“Unacceptable” limits on non-strategic nuclear weapons. The BCC’s delay will raise questions about how the lengthening absence of on-site inspections affects the sides’ ability to effectively monitor New START’s constraints, particularly the treaty’s limit on deployed strategic warheads. The BCC also offered the venue for discussing new kinds of strategic nuclear delivery systems, such as the Russian nuclear-powered, nuclear-armed Poseidon underwater drone, which are not captured by New START’s definitions.
Delayed resumption of the strategic dialogue will also have deleterious effects on the Biden administration’s ability to achieve the nuclear arms control objectives it articulated in 2021. Those goals include addressing limits on all US and Russian nuclear arms, including non-strategic nuclear weapons, and maintaining limits on intercontinental ballistic missiles, submarine-launched ballistic missiles, and heavy bombers beyond New START’s expiration in February 2026.
One challenge confronting the Biden administration is persuading Moscow to agree to a negotiation covering all nuclear arms, including non-strategic nuclear weapons. New START deals only with “deployed” strategic warheads—the actual number of warheads atop deployed intercontinental and submarine-launched ballistic missiles, plus one warhead attributed per deployed heavy bomber. Reserve strategic ballistic missile warheads, bomber weapons beyond one per deployed heavy bomber, and all non-strategic nuclear weapons therefore fall outside of the New START constraints.
An agreement covering all US and Russian nuclear warheads seems a logical next step after New START. That would appeal to American allies for whom non-strategic nuclear weapons pose a direct threat, and the Senate’s 2010 resolution of ratification for New START called for addressing non-strategic nuclear weapons.
Getting non-strategic nuclear weapons on the negotiating table was never going to be easy. Moscow showed no interest in the Obama administration’s proposal in 2011 for a new negotiation covering all US and Russian nuclear arms. In September 2021, Ryabkov qualified the US-proposed position on non-strategic nuclear weapons as “unacceptable.”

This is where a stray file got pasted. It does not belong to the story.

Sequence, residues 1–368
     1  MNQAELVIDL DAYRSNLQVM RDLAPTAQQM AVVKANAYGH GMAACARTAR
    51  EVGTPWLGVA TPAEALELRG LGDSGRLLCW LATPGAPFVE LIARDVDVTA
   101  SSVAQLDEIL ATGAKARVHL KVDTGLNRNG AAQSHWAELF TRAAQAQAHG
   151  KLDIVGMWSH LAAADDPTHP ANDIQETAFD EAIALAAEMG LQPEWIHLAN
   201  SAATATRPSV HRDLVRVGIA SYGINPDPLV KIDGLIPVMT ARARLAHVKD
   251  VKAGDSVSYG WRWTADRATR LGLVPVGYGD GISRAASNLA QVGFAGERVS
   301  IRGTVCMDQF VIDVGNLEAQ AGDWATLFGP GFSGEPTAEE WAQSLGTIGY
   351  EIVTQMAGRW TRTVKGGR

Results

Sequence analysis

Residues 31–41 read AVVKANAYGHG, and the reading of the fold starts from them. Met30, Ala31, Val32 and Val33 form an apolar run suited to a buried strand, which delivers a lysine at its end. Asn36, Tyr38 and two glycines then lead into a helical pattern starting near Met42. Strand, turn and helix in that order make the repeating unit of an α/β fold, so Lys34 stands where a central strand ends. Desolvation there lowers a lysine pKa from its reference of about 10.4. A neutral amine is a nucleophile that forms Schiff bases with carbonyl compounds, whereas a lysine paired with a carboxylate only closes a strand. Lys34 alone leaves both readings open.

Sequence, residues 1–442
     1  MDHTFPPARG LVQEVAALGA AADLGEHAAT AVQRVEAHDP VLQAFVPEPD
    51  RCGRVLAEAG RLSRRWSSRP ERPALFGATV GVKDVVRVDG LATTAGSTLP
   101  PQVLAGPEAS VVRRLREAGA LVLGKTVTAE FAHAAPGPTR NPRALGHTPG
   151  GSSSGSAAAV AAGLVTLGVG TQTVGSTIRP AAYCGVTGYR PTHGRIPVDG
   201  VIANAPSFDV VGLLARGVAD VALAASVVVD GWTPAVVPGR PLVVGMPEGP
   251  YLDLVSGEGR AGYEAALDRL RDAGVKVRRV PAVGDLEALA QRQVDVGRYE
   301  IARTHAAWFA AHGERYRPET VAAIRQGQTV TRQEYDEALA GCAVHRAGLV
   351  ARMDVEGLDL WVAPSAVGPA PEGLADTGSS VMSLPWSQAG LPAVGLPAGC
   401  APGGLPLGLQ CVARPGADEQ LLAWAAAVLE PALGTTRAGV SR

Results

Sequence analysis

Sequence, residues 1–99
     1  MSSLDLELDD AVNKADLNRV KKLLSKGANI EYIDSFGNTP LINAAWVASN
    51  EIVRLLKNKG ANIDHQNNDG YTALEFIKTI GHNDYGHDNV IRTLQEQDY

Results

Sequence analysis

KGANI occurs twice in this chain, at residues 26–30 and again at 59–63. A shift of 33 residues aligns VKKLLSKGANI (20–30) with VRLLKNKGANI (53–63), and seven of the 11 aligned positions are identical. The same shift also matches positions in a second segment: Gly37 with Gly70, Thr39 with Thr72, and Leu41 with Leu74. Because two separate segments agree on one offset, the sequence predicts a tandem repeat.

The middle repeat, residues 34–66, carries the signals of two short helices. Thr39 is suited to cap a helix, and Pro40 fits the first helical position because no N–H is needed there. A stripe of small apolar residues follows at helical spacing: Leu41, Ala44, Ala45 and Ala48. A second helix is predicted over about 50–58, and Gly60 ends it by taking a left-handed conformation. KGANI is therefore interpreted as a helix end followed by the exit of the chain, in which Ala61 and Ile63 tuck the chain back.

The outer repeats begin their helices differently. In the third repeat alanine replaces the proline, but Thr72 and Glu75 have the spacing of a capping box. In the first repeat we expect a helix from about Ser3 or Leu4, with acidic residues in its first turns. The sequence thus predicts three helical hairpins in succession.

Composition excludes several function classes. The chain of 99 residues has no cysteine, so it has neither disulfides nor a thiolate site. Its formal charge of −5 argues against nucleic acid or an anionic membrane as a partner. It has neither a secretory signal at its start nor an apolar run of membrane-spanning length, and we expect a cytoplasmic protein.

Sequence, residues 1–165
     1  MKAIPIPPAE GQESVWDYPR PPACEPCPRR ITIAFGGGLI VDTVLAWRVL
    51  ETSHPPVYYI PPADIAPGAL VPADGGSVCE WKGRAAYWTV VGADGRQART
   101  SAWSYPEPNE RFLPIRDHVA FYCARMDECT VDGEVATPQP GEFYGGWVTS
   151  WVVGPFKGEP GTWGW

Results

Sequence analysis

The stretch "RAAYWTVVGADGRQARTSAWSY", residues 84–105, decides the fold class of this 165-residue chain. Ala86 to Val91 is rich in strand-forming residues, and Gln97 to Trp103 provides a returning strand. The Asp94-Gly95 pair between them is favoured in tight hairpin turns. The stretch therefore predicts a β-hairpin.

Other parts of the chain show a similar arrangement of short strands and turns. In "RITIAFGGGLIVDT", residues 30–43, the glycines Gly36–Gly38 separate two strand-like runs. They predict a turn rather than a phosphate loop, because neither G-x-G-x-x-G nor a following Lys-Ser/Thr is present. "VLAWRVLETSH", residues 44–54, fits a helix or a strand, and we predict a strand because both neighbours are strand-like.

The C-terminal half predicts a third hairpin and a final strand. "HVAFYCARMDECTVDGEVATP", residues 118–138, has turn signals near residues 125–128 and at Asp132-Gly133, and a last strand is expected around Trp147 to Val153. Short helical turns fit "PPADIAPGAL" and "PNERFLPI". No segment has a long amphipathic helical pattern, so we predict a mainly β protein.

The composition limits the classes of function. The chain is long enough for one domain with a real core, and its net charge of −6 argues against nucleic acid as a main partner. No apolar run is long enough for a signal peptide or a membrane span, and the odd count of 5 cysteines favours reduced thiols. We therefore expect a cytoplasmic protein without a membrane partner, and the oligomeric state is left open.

The Russia-Ukraine war will make it harder to gain agreement to limit non-strategic nuclear weapons. Russian conventional armed forces in Ukraine have dramatically underperformed Moscow’s expectations. A larger Russian military utterly failed to achieve its initial goals in February and March, even though it was equipped with far more modern equipment than its Ukrainian foe. (Significant amounts of heavy Western arms began flowing to Ukraine only late in the spring.) This almost certainly will lead the Kremlin and the Russian military to place greater importance on non-strategic nuclear weapons as a hedge against failure at the conventional level, particularly as they assess Russian conventional force capabilities in comparison to those of NATO and China.
Moreover, in the past, Moscow insisted that all nuclear weapons be based on national territory and that the infrastructure for their support overseas be eliminated as a precondition for any negotiation on non-strategic nuclear weapons. This would effectively end the nuclear-sharing arrangements under which some 100 US nuclear gravity bombs are deployed on the territory of NATO members for use, if needed in a conflict, by US and NATO member air forces. Those weapons fulfill an assurance role for allies as well as contribute to NATO’s deterrent posture. Given Russia’s use of military force against Ukraine, NATO allies understandably attach greater importance to the presence of those weapons than before—which makes the United States practically unable to accept Russia’s request.